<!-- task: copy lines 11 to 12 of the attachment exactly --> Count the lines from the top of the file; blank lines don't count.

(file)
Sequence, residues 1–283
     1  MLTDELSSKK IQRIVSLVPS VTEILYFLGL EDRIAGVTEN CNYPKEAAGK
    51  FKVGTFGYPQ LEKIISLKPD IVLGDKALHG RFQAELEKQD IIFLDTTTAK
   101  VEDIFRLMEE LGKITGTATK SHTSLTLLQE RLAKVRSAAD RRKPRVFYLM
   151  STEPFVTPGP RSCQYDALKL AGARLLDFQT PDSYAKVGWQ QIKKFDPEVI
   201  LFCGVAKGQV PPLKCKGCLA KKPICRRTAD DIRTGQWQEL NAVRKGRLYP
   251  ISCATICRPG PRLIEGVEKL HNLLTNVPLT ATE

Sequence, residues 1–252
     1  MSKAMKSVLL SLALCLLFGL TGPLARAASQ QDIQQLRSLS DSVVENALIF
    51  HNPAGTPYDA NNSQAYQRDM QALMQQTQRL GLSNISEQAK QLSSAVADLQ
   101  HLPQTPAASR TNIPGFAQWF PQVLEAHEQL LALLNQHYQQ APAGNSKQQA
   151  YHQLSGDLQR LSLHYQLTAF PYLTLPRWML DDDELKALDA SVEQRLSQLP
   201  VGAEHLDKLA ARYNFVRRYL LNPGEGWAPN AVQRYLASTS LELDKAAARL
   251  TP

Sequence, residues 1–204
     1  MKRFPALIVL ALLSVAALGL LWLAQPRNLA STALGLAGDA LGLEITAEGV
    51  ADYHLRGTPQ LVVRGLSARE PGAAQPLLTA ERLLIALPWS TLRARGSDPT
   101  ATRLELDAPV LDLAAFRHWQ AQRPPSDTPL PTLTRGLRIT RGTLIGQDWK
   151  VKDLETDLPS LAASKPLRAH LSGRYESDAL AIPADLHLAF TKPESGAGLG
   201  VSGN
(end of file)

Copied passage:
   101  HLPQTPAASR TNIPGFAQWF PQVLEAHEQL LALLNQHYQQ APAGNSKQQA
   151  YHQLSGDLQR LSLHYQLTAF PYLTLPRWML DDDELKALDA SVEQRLSQLP